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Magazines Respond to Instagram Terms of Service Fiasco

National Geographic, Self magazines speak out on new privacy practices.



TJ Raphael By TJ Raphael
12/19/2012

 

Yesterday was not a good day for Instagram. Users and brands slammed the social network for changing its privacy policy and terms of service to include the following language:

“You agree that a business or other entity may pay us to display your username, likeness, photos (along with any associated metadata), and/or actions you take, in connection with paid or sponsored content or promotions, without any compensation to you.”

Several hours after announcing these changes, the Facebook-owned company back peddled, saying in a blog post that it would not go through with that or other actions.

“The language we proposed also raised questions about whether your photos can be part of an advertisement. We do not have plans for anything like this and because of that we’re going to remove the language that raised the question,” the company’s co-founder, Kevin Systrom, said in the post. “It was interpreted by many that we were going to sell your photos to others without any compensation. This is not true and it is our mistake that this language is confusing. To be clear: it is not our intention to sell your photos. We are working on updated language in the terms to make sure this is clear.”

NatGeo’s Instagram Account Goes Dark

While Instagram responded quickly, so did some magazine publishers. As of this morning, National Geographic suspended its account by posting the image to the right, which was also sent out to the brand’s photographers.

"Last night, we shared on our Instagram feed that we have concerns about the new terms of service,” said National Geographic in a statement provided to FOLIO:. “While we appreciate the sentiments in the Instagram blog post from Kevin Systrom, we still need a better understanding of the specific amendments to the proposed new terms of service before determining how best to proceed with our account.”

A Conversation About IP Web Rights

Other brands, like Condé Nast’s women’s title Self, alerted readers to the changes, who had strong reactions.

“Instagram is part of Self's social DNA and it continues to play a major role not only as a means of visual storytelling but as vehicle for conversation with our readers,” Stephanie Miller, Self’s social media editor, tells FOLIO:. “Given the new terms, 90 of 100 Self Twitter followers told us that they will delete their accounts. When we tweeted ‘5 Things to Know About Instagram Changes,’ over 120 people retweeted the news within five minutes. It was an above average response that demonstrates how passionate and engaged Self readers are within the space. It's unfortunate that we'll potentially lose a robust user base on a quick and easy photo sharing platform—an app that has allowed us to evolve as a brand and spark popular trends such as encouraging readers to show us their #ArmParty and #NailArt.”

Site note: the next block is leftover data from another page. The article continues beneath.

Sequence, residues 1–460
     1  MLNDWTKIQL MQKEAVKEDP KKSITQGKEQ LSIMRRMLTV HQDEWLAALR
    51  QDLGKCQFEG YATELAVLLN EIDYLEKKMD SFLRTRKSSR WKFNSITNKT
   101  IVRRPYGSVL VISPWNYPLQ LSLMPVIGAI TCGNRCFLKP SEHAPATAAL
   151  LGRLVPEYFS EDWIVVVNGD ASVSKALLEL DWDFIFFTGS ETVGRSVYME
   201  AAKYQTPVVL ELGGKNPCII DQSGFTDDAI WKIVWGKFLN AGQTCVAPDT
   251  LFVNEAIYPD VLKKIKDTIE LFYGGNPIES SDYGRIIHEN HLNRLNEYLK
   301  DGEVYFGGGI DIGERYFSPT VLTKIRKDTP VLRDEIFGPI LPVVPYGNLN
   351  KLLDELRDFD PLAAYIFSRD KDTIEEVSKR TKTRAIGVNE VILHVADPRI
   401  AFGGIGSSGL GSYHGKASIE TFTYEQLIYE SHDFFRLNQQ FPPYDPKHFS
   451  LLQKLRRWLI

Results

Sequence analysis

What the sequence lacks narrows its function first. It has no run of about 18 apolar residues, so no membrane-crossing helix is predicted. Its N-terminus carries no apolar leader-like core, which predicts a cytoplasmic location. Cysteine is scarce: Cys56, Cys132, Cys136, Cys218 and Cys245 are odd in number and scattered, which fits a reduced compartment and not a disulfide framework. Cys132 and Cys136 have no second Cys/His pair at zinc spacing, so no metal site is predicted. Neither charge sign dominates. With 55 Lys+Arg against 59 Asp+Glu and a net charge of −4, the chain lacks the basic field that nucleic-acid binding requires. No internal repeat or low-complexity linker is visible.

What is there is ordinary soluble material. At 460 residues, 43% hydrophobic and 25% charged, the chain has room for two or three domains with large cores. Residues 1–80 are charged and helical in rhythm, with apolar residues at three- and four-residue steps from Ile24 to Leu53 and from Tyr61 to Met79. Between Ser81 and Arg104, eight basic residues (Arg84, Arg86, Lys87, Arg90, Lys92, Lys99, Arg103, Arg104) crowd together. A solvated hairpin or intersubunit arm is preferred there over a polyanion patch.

While Miller did concede that it is necessary to monetize a social platform, and acknowledged Systrom’s response, she stopped short of saying Systrom’s statement would lead to a fix for Instagram and its users.

“But I've seen it happen before,” she said. “Companies simply right-click on photos and sell them as generic images overseas. [This AdWeek article is] another example. I get it. It's monetization. I know how the Internet works, and developments like this are necessary for social start-ups to make money.”

Miller adds that while this does leave brands in a tough spot or sticky situation, this is nothing new—the social media editor pointed to another free social platform that gathers data and insight in order to turn a profit: Facebook.

Facebook's terms of service state the following: “For content that is covered by intellectual property rights, like photos and videos (IP content), you specifically give us the following permission, subject to your privacy and application settings: you grant us a non-exclusive, transferable, sub-licensable, royalty-free, worldwide license to use any IP content that you post on or in connection with Facebook (IP License). This IP License ends when you delete your IP content or your account unless your content has been shared with others, and they have not deleted it.”

“The whole Instagram uproar is more of a conversation about IP Web rights than it is about a popular photo sharing app,” adds Miller. “Privacy in the world of social media is an oxymoron. From the Self brand perspective, we'll adhere to a ‘watch and see’ approach until we have further counsel from our legal team, but we won't be deleting our account immediately. The sky is not falling. There have been many arguments, for and against the changes, but we still consider Instagram a valuable part of our social strategy.”

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TJ Raphael By TJ Raphael
12/19/2012







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